The NCUA on Wednesday provided updates regarding low-income credit unions, or LICUs, participating in the U.S. Department of the Treasury’s Emergency Capital Investment Program, or ECIP, and also reminded them to prepare for the end of LIBOR.
Eligible low-income credit unions, known as LICUs, may accept 30-year subordinated debt investments from the ECIP, the NCUA said in a letter to credit unions Wednesday. Additionally, a LICU may treat this ECIP funding as secondary capital in accordance with the NCUA’s regulations, provided that any LICU receiving secondary capital treatment has an NCUA-approved secondary capital plan by Dec. 31, 2021.
The final Subordinated Debt rule, passed by the NCUA Board in January 2021, includes a 20-year limitation on the regulatory capital treatment of “Grandfathered Secondary Capital,” which is defined as any secondary capital issued under a secondary capital plan that was approved by the NCUA before Jan. 1, 2022, according to the agency. Further, the NCUA intends to clarify that ECIP participating credit unions may count ECIP funding as regulatory capital for the entire time it is held.
“Credit unions have a statutory mission to meet the credit and savings needs of their members, including — and especially — those of modest means,” said Todd Harper, NCUA chairman. “The changes announced today will allow ECIP participating credit unions to fulfill that statutory mission and advance economic equity and justice. Going forward, the NCUA will pursue additional action to permit ECIP funding to count as regulatory capital for the entire time it is held. I look forward to working with my fellow board members on this important work.”
Prepare for the end of LIBOR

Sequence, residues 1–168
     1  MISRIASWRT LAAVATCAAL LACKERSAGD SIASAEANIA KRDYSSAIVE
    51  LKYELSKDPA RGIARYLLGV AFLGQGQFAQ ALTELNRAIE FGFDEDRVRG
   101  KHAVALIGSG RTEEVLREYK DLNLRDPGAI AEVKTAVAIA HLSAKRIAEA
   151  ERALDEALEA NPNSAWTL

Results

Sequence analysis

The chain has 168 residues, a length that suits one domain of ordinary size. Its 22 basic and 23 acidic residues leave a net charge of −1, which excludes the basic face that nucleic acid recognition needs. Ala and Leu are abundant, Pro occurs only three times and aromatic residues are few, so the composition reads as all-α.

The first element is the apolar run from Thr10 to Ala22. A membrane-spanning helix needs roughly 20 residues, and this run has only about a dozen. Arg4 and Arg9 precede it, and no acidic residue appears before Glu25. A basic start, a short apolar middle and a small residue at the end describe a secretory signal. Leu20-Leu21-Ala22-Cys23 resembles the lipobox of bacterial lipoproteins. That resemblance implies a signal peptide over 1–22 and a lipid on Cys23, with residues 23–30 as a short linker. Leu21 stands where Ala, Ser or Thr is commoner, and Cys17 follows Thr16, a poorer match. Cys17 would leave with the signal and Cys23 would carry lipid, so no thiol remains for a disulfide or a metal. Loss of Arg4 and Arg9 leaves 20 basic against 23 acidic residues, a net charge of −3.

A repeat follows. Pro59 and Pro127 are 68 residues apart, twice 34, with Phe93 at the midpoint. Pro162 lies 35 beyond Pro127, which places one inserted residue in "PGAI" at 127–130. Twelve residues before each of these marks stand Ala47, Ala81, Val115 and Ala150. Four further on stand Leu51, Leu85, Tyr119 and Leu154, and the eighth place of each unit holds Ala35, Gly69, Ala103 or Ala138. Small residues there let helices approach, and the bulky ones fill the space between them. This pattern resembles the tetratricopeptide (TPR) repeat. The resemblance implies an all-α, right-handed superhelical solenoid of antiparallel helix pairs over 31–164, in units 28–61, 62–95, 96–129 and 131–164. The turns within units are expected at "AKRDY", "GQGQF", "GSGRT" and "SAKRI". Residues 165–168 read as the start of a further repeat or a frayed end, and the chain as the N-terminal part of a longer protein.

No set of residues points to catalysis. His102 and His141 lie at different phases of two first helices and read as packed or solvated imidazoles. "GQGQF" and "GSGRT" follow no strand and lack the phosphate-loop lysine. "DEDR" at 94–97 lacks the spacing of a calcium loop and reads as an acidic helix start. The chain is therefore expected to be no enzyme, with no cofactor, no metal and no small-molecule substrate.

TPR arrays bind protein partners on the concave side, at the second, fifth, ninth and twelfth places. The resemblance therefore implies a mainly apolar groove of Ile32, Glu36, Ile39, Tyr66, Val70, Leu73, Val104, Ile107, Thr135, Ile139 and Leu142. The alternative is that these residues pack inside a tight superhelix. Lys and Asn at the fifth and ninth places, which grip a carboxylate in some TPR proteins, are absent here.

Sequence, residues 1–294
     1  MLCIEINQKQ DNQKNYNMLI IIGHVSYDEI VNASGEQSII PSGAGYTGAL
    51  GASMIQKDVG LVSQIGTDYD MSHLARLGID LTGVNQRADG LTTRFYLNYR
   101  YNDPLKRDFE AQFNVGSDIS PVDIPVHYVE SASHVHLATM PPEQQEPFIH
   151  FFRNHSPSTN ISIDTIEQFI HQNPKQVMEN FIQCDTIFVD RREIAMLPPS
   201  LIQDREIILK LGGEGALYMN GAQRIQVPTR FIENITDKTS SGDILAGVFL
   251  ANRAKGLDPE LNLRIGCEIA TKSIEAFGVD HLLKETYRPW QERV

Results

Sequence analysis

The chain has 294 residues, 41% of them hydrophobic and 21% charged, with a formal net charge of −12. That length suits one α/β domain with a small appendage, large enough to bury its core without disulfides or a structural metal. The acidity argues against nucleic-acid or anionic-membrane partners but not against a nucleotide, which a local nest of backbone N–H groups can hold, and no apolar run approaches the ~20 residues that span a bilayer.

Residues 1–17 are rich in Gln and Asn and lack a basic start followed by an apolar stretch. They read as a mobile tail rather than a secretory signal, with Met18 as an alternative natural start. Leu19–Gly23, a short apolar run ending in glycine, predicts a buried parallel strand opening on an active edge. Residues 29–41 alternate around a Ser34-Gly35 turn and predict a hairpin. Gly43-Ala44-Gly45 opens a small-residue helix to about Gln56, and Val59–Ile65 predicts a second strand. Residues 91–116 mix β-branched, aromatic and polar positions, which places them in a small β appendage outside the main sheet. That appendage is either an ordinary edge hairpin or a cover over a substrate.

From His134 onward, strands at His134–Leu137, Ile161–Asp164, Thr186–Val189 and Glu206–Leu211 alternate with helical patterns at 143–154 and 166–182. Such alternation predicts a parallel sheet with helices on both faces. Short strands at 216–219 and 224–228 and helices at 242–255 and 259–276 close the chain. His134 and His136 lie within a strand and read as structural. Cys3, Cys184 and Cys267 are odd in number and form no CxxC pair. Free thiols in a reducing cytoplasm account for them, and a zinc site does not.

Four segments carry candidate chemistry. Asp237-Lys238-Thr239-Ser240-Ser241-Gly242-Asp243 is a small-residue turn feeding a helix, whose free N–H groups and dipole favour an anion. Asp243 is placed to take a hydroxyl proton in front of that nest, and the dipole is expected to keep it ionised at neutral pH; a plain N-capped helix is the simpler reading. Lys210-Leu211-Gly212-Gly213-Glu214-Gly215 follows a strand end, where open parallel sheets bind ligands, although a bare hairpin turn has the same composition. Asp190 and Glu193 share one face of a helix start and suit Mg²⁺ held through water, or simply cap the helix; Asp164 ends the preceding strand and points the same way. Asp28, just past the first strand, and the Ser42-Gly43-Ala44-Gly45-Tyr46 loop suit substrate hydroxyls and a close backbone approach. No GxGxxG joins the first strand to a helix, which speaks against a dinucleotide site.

As a follow-up to a previous letter to credit unions about the LIBOR transition, the NCUA on Wednesday also provided credit unions with additional reminders about the end of LIBOR.
The NCUA is encouraging all federally insured credit unions to transition away from using U.S. dollar LIBOR as a reference rate as soon as possible, but no later than Dec. 31, 2021, and to ensure existing contracts have “robust fallback language” that includes a clearly defined alternative reference rate.
On March 5, 2021, the LIBOR administrator announced it will stop publishing the one-week and two-month LIBOR settings immediately following the Dec. 31, 2021, LIBOR publication, according to the NCUA. The remaining LIBOR settings will cease immediately following the LIBOR publication on June 30, 2023, and while the extension of the publication of certain LIBOR settings through June 30, 2023 is not an opportunity to continue using LIBOR, it will allow some legacy LIBOR contracts to mature naturally.
Todd Harper, NCUA chairman, previously stated that failure to prepare for LIBOR disruptions could undermine a federally insured credit union’s financial stability, and safety and soundness.
Credit unions can learn more about LIBOR transition plans in a May 2021 letter to credit unions accessible on the NCUA website.